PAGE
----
Severe Storms: Friday 19th January 1996
by Jimmy Deguara
Cirrostratus and higher level altocumulus persisted during the day. Anvils began to appear towards the southwest. However, it became apparent that thunderstorm development was occurring from the northwest. By 3pm, storms developed and approached passing around 10 kilometres towards the southwest of Schofields with rapid development at the rear. The anvil could be seen spreading towards the southeast with its side anvil also spreading outwards. However, my attention began to focus on the massive anvil streaming from the northwest and passing overhead.
Dark bases were developing over the mountains and slowly approaching Schofields. Towards the north, a squall line-looking cloud structure began to develop. It was one of the most spectacular cloud structures I have ever observed. Such structures normally occur along squall lines ahead of storms. However, this cloud structure was located on the side of the storm and spreading slowly outwards. This cloud structure also began to develop towards the front of the storm. I took several photographs especially of this cloud base, keeping a safe eye on the severe lightning bolts. A dense precipitation cascade rapidly developed producing heavy rain to the northwest.
Spectacular cloud bases near Schofields.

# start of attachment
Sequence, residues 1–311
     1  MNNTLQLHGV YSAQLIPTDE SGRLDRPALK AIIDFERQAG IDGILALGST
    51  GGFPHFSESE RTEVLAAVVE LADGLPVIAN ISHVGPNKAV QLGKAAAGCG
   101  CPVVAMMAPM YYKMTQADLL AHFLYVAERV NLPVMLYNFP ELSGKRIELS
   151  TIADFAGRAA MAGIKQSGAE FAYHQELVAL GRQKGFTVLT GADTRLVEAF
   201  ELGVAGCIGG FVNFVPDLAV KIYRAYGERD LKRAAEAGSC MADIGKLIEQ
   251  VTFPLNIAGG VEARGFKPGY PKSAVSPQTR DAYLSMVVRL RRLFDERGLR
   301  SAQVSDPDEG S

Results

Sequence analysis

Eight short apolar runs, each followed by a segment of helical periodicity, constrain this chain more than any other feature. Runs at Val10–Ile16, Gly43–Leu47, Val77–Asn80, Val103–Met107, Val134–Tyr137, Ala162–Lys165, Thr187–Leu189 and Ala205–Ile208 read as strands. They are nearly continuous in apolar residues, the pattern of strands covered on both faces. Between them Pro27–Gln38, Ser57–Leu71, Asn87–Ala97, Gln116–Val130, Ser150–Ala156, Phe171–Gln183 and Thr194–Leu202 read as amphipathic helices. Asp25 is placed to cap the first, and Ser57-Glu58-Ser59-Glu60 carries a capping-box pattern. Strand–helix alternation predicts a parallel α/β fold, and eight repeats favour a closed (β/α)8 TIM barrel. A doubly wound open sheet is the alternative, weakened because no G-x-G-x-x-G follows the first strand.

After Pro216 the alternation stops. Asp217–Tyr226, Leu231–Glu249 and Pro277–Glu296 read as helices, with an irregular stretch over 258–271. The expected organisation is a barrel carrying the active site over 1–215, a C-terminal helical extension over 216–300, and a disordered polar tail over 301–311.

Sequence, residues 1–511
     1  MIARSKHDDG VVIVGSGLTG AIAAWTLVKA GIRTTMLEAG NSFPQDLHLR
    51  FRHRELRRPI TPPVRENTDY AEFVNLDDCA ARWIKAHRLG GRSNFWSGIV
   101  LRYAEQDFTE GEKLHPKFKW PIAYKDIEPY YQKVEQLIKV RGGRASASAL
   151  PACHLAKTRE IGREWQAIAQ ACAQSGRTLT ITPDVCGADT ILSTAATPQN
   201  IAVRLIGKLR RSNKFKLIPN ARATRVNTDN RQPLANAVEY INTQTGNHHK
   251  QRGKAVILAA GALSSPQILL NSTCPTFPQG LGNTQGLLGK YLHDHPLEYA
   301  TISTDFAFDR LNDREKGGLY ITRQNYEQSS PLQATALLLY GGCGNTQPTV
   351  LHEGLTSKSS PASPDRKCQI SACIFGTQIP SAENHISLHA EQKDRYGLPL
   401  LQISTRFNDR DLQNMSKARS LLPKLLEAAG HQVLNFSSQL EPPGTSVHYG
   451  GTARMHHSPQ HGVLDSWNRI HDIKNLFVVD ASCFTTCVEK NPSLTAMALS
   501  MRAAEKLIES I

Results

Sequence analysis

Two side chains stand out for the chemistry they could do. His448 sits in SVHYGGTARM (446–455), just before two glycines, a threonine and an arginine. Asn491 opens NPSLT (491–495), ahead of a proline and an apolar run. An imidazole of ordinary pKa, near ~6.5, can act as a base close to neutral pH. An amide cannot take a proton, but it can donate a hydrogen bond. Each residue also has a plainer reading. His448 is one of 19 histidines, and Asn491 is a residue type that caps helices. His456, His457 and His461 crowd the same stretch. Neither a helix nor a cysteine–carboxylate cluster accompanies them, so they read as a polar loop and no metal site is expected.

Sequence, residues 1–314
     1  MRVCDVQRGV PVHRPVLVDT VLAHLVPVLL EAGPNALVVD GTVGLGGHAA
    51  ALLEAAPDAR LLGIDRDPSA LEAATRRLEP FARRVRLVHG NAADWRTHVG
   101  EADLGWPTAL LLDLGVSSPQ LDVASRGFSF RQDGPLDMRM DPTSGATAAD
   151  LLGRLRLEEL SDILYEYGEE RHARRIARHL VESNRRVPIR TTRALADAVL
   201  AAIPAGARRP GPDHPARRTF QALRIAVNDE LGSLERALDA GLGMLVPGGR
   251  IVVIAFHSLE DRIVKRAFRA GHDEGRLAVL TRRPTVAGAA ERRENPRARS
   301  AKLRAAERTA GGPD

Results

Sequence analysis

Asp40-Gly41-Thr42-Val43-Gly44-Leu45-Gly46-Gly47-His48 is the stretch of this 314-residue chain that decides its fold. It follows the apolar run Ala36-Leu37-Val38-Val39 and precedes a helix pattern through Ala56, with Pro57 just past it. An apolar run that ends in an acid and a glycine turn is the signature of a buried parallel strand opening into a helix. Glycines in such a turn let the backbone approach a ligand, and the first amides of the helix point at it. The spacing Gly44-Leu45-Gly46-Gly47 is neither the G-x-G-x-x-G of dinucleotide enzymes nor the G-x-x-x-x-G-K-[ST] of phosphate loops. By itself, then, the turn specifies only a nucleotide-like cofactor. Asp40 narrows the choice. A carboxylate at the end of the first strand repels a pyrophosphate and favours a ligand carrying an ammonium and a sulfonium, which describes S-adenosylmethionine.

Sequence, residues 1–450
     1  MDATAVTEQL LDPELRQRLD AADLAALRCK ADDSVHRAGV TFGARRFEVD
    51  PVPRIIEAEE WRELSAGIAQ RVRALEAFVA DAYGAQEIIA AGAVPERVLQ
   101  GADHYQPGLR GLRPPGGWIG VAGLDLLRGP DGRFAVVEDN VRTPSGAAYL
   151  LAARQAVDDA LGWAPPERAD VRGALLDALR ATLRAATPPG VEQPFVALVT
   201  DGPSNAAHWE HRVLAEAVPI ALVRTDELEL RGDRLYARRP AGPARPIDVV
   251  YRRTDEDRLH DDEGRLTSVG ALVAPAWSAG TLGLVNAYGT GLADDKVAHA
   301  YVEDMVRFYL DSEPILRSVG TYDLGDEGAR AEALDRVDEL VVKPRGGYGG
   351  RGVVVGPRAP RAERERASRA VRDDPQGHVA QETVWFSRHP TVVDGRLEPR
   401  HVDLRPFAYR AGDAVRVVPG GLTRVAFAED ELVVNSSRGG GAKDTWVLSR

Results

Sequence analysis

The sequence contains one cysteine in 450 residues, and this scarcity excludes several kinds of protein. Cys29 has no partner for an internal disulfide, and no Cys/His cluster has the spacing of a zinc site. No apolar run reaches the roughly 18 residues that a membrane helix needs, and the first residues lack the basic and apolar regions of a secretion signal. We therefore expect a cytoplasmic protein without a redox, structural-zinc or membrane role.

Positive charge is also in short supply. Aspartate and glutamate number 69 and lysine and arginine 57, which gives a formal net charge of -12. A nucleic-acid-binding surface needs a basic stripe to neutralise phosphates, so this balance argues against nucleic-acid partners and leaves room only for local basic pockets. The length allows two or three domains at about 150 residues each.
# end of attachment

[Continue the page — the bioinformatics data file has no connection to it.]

The storm struck at 5:07pm with heavy rain and strong winds. However, it did not produce weather that could be considered severe according to the Bureau's definition, in the Schofields area. Around 19mm was recorded in 23 minutes.
More severe electrical storms occurred around 10pm with some heavy falls, strong winds and some light hail.
The reports of this day focused on the severe electrical storms that were widespread mid to late evening.
Power lines were knocked out across a 70km storm front from 10pm, with thousands of bolts of lightning recorded in a two hour period. Many Metropolitan centres received 20mm of rain in less than and hour, with flash flooding hitting a few centres. The Richmond Race Club meeting was called off at 10.10pm after the track flooded - however, Richmond was hit by heavy rain from the afternoon storm so extreme heavy rain would not have been required to flood an already saturated area. The lightning damaged Automatic Weather Stations (AWS) at both Penrith and Richmond. Blackouts occurred at Richmond, Windsor, Camden, Hursville, Mortdale and Revesby, while 1500 homes were blacked out around Somersby on the Central Coast.
Synoptic Charts provided by the Bureau of Meteorology
Updated: 6th April, 2004
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